The thing is if we have this additional layer, why wouldn’t we compile C# this way?
This is where Blazor comes in.
If you ask what does the name mean, it’s quite easy for the .NET developers that used to write anything for the web in the recent years. It’s a Razor based (hence suffix ‘azor’) framework for writing websites that combines HTML and C# for Browser (B-prefix). The ‘l’ in Blazor is just because it sounds nice 🙂 – according to Steven Sanderson.
First time I have seen Blazor around the middle of 2017, I was amazed that this is real. This is like the MVC Razor, but when you run the project, this is sending the .NET output to the client (a real .net DLL on the client). Please note the mono part:
As you could imagine, compiling a method that adds two integers seems quite straightforward, but what about Garbage Collection? How do you do this on the browser side?
The first answer, according to the picture above, is mono. Mono, since its acquisition by Microsoft, has been the main choice for mobile development as it is widely supporting many platforms, compared to other multi-platform approaches from Microsoft (like CoreRT). So you could notice that we have just downloaded mono compiled to web assembly (wasm is the extension for Web Assembly).
This means we are actually running a .NET runtime in the browser, and this is an efficient way to run it in the browser due to the web assembly usage here. How cool is that? Cool, but it has “a little” drawback:
That’s *not* nice. For clients that don’t have access to a high-speed internet connection, this wouldn’t be an interesting option.
That’s also touching a very important topic of performance (for a whole new post, or more a series of posts :)), let’s just name a few related concepts here.
The first thing to say is that there’s probably a lot of optimization to be done upon compilation (like JS tree-shaking/.NET IL Linker) that, of course, are not yet implemented as the project is really fresh. But that is still to come, for sure.
Also mono as a whole doesn’t necessarily have to be the full framework that we put on the browser (no need for desktop stuff there). The optimization is also an important factor when it comes to running the code, there’s an AOT (Ahead Of Time) compilation usage that Mono team is working on (vs. interpreted mode).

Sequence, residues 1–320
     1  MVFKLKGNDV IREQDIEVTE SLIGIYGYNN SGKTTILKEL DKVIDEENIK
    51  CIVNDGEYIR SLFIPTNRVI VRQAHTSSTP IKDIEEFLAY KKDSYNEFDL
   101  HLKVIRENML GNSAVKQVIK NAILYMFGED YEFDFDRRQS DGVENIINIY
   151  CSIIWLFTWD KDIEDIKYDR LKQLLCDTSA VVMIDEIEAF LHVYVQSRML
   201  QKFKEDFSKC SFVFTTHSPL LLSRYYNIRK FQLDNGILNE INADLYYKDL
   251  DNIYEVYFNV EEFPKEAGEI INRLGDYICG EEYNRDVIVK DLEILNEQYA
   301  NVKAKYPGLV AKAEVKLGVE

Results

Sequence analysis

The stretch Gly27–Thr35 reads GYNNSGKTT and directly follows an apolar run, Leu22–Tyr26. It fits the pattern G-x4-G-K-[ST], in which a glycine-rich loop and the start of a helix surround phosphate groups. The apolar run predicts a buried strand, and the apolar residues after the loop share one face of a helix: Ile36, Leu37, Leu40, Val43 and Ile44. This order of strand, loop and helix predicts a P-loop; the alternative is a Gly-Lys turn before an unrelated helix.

Since 0.5.0 version, there is also a Server-Side blazor, that allows you to run blazor on top of the CoreCLR on the server and the client-side topics like UI updates, events etc. are executed via SignalR (so you don’t even need to download mono on the client).
As you can see, there are a lot of questions on the topic, but one thing is sure – the project is run with community support, the Microsoft team responsible for the project have huge experience and they know what are the options for modern web frameworks, so we may assume things will get much better over time.
So, what is this blazor actually doing except enabling .NET in the browser? That is actually the best part. Blazor is designed to become a fully featured UI framework for SPA applications. Like, for instance, Angular, or React, but in .NET. So, on the roadmap we could already see features like:
- A component model for building composable UI
- Routing – must have in the web UI framework
- Forms and validation
- Dependency injection
- Live reloading in the browser during development
- Server-side rendering
- Full .NET debugging both in browsers and in the IDE
- Rich IntelliSense and tooling
- Ability to run on older (non-WebAssembly) browsers via asm.js
- Publishing and app size trimming
All this makes a very nice set of features and possibilities to apply Blazor in future projects.
I hope that at this moment, after the short introduction of what Blazor is, you are at least a bit inspired to go deeper into this topic.
Blazor is still in an experimental phase, meaning that it has not been decided it will convert into a real, production shipped product from Microsoft. I hope it will.
What do you think about Blazor and WebAssembly? Do you think it is going to succeed? What are the features you would love to see the most in such a framework?
I would love to hear from you.